With these modifications, structural steels have become stronger and tougher with improved weldability and formability having a great impact on the application of structural steel plates and strips [11, 12, 13], as for bridges, high-rising buildings, offshore-platforms, pipelines, tanks and containers, penstocks, and more. Pre-rolling, using dynamic recrystallization and finishing rolling at temperature levels closely above Ac3, promotes a non-recrystallized austenite condition, which provides a high nucleation density for ferrite formation. These facts result in ferrite grain sizes in the range of some microns [7, 14]. Common concepts for TM rolled HSLA steels are shown in Fig. 8. New cooling strategies have also led to new steel grades, like dual phase (DP), complex phase (CP) steels, and transition induced plasticity (TRIP) steels. High strength low alloy (HSLA) steels have replaced the standard products in many technical areas. The main benefits result from thinner wall thickness—lightweight—and, as a consequence, fewer problems during welding (no preheating to avoid cold cracking, less volume of consumables), and also less effort for transportation. The development of HSLA structural steels is illustrated in Fig. 9. A progress description of high performance steel plates at Nippon Steel & Sumitomo Metal Corp. is given in [15].
Fig. 8

Microstructure control by TM rolling [10]

Fig. 9

Development of high strength structural steels. Source: Stahlinstitut VDEh-WT

The development of sheet metals for automotive usage has undergone other modifications, like the improvement of the texture to achieve higher r‑values for improved deep drawability, starting with the finishing train in the hot strip mill where lubricants are used in the rolling gap to reduce friction and therewith shearing of the strip material [16, 17]. TRIP steels were developed for better crash performance. IF steels were produced by Ti-addition and very low C‑content for a better deep drawability and special bake hardening (BH) qualities to use the increase of strength by aging during the painting process of the car body. After these changes, the third generation of multiphase AHSS-grades is now of current concern. Steels with high and medium Mn-content show superior ductility values where the effect is mainly caused by the change of deformation mechanisms due to the influence of the stacking fault energy; i. e. twinning replaces slip deformation. Multiphase steels often show a large potential for bake hardening. The increase of strength thus achieved allows a further reduction of sheet thickness and improves the crash safety and the dent resistance. The mechanical strength behavior regarding the BH effect depends on the microstructure characteristics, type of load path, degree of pre-strain, and bake hardening conditions. [7, 18].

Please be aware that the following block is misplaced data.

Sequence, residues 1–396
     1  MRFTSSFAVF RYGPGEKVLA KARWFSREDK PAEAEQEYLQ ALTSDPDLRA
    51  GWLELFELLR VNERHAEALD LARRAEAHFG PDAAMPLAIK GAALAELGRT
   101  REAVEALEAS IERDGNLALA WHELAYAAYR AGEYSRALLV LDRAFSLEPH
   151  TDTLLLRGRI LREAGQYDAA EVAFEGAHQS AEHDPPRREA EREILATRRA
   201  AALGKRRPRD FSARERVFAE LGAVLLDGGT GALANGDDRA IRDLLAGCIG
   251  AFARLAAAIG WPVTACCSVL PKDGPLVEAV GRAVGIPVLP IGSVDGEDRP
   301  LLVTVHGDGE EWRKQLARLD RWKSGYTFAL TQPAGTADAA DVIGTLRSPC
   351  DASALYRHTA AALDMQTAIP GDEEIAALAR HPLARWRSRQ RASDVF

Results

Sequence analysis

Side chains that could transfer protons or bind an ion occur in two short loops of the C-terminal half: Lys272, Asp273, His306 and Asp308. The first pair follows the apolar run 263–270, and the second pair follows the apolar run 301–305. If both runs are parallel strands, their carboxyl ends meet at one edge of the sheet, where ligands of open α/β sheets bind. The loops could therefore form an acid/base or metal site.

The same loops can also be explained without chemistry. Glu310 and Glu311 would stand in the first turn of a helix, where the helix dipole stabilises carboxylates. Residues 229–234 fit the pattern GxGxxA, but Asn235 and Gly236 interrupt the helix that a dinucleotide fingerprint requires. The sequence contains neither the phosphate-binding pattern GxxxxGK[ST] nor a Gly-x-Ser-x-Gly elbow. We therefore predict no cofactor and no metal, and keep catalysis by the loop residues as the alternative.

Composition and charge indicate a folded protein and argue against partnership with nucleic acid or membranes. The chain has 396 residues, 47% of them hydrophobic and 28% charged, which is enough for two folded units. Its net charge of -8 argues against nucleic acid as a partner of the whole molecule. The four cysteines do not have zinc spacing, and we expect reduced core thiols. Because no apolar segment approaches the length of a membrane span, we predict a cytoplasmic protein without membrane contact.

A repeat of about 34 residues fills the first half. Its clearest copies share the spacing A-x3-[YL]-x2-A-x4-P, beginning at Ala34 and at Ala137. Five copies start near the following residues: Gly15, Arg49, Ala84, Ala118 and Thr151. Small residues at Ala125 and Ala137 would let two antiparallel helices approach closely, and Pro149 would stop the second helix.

Some development steps since 1975 are shown in Fig. 10. The global formability diagram for advanced high-strength steel grades is reprinted in Fig. 11 including traditional low-strength steels for comparison.
Fig. 10

Development of sheet steels for the automotive industry. Source: Institut für Eisenhüttenkunde, RWTH Aachen

Fig. 11

Formability diagram for today’s AHSS grades [17]

4 New Flexible Cooling Strategies and Cooling Devices